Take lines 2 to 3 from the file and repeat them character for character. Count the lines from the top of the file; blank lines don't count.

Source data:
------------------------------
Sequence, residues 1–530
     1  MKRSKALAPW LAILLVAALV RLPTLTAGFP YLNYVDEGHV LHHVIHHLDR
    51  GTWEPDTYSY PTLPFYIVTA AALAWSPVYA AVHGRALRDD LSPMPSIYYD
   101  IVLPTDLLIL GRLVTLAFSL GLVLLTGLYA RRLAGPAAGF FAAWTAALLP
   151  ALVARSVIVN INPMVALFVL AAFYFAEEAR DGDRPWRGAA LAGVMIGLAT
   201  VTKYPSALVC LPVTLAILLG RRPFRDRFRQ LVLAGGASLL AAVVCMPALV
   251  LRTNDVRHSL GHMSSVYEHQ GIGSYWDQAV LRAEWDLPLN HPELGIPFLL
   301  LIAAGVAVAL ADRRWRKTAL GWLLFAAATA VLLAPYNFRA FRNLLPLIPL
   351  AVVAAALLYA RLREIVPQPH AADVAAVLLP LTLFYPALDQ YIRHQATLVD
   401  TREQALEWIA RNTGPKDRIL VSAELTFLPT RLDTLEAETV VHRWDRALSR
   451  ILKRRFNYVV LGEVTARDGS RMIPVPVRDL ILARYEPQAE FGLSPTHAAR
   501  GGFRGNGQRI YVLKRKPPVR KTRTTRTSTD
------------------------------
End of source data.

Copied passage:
     1  MKRSKALAPW LAILLVAALV RLPTLTAGFP YLNYVDEGHV LHHVIHHLDR
    51  GTWEPDTYSY PTLPFYIVTA AALAWSPVYA AVHGRALRDD LSPMPSIYYD